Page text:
Many of you might have heard the term credit or credit score or FICO score. How do credit or credit scores affect your life? What are the advantages and disadvantages of having a good credit score? Understanding these questions is essential for financial wellness and using credit cards effectively. Credit allows people to purchase goods and services using borrowed money from lending services, such as banks. Credit can be in several things, such as credit cards, student loans, personal loans, or mortgages. 


There are a couple of credit options: revolving credit and installment loans. Revolving credit is a credit line that remains available as you pay it off. Credit cards are examples of revolving credit. There is no fixed payment; however, you must pay back how much money you use at the end of the billing cycle. If you carry a balance on your credit card at the end of the month, the lending bank will charge you interest. Paying interest defeats the whole purpose of using a credit card. Installment loans require monthly payments of the same amount for an extended period. An example of installments are auto loans, mortgages, and student loans. 

Credit lenders make money from a borrower by applying an interest rate to the money used on credit. The higher the balance on the credit card and the higher the interest rate, the more you are charged in interest. It is crucial to pay your credit card statement balance in full each month to avoid being charged interest. Interest rates are fixed annual percentage rates (APR). If individuals miss credit card payments to lenders, this will decrease their credit score. 


Many of you may have heard of the term FICO or FICO score. FICO stands for the Fair Isaac Corporation. FICO is a method used to calculate credit scores based on an individual’s information collected by creditors. Credit score and FICO score are used interchangeably and mean the same thing. FICO score is a tool lending institutions use to determine how risky an individual is when applying for a loan. Credit score estimates your trustworthiness in paying back a loan in the eyes of the lender. 


Five factors that determine a person’s credit score include their history (35%), the amount owed (30%), length of credit history (15%), new credit (10%), and credit mix (10%).

Each credit factor weighs a different percentage of the total. Three credit bureaus report credit information: Experian, Equifax, and Transunion. 


According to the credit bureau, the higher the credit score, the lower the Annual Percentage Rate (APR) on credit cards, car loans, home loans, or other credit products. If you need to borrow money, having a high credit score makes you more likely to be approved for a loan and get better terms, like a lower interest rate. Another advantage of a higher credit score is higher borrowing power. Having higher borrowing power is not without the risk of paying higher interest if you carry a balance on a credit card.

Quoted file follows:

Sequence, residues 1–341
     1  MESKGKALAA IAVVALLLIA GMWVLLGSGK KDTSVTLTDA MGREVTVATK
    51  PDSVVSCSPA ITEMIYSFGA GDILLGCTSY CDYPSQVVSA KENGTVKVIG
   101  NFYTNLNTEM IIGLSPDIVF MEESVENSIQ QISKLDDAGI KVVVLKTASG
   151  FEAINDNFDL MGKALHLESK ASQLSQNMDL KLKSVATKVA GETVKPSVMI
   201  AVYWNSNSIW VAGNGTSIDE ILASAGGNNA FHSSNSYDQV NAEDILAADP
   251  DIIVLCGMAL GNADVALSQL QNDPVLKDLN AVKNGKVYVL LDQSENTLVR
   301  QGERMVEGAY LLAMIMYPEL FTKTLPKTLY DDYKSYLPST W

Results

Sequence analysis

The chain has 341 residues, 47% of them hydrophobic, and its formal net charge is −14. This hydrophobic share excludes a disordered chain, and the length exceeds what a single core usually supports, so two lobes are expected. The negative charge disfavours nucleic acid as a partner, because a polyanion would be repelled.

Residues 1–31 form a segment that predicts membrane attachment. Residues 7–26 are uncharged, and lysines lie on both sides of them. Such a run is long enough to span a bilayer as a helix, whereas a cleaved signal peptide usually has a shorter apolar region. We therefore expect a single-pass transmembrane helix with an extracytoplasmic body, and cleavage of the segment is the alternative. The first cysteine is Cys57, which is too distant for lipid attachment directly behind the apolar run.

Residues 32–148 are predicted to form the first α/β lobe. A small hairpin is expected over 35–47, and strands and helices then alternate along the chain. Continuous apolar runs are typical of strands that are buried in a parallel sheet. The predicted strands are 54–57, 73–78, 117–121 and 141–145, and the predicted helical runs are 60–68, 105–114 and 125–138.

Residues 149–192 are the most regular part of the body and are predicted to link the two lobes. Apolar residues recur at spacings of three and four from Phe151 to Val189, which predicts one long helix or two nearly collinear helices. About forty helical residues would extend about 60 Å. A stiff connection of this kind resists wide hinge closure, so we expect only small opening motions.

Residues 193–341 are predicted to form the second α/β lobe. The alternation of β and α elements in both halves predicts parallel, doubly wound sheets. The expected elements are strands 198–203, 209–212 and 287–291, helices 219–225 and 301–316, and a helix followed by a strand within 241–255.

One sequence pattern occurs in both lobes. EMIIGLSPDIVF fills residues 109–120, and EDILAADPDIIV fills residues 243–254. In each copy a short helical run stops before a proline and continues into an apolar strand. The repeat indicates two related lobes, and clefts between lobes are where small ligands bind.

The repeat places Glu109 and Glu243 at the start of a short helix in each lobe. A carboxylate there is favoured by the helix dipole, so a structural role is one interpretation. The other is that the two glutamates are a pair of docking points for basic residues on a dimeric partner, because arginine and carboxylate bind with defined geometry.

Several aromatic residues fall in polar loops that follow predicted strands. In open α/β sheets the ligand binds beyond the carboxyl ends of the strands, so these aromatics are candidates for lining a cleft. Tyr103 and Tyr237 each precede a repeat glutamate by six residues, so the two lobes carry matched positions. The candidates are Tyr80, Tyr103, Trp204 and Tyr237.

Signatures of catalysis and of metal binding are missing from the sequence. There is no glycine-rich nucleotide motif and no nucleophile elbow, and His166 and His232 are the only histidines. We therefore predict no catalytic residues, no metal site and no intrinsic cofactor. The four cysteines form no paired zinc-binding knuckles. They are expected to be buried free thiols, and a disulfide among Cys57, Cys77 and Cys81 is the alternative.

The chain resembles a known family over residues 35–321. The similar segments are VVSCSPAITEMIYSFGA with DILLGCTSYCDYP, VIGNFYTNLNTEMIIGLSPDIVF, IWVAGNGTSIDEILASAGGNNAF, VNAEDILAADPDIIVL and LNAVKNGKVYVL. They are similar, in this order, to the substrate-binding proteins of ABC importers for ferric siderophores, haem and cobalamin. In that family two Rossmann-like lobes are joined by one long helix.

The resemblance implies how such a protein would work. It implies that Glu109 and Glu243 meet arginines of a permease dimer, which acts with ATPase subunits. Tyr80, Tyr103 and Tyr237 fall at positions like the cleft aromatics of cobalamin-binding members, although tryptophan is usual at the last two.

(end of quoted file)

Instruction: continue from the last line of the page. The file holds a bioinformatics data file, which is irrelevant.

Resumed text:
If you do not have any credit history or have bad credit, the best way to build good credit is by getting a secured card through your current bank or any lender you feel comfortable with. What is the difference between a secured versus an unsecured credit card? With a secured credit card, 

you must put down collateral as a cash deposit, which sets your credit limit with a financial institution. For example, you give a bank $500, and they provide a secured credit card with a $500 credit limit. An unsecured credit card is revolving credit, and you make your monthly payment. When looking for a secure credit card, you want to make sure of a couple of things: the secure card does not have an annual fee or a monthly maintenance fee, and you can get rewards points or cash back. Another important thing when selecting a secure credit card is making sure the secured credit card can graduate into an unsecured credit card. You want to do your research before applying for any secured credit card. I cannot stress enough the importance of paying your balance in full every month on your secured card as this will prove your creditworthiness with the lending institution. 


It can be easy to overuse credit cards, carry a balance, and pay large amounts in interest. The borrower must pay the total credit balance to avoid paying interest and to benefit from credit card use. Late or missed payments will lower your credit score, and using credit too much can result in monthly payments that are not sustainable. 


Advantages include earning a cash-back credit card that gives you a percentage back for purchases. A better credit score will help you get a better interest rate for car, personal, or mortgage loans. It also helps with unauthorized charge protection. 

You can take short courses on iGRAD and learn more about your credit score, what credit means, and the types of credit. These free courses are accessible to USM students and staff from beginner to intermediate levels to improve their financial wellness. I have added a QR code to get into the course. 

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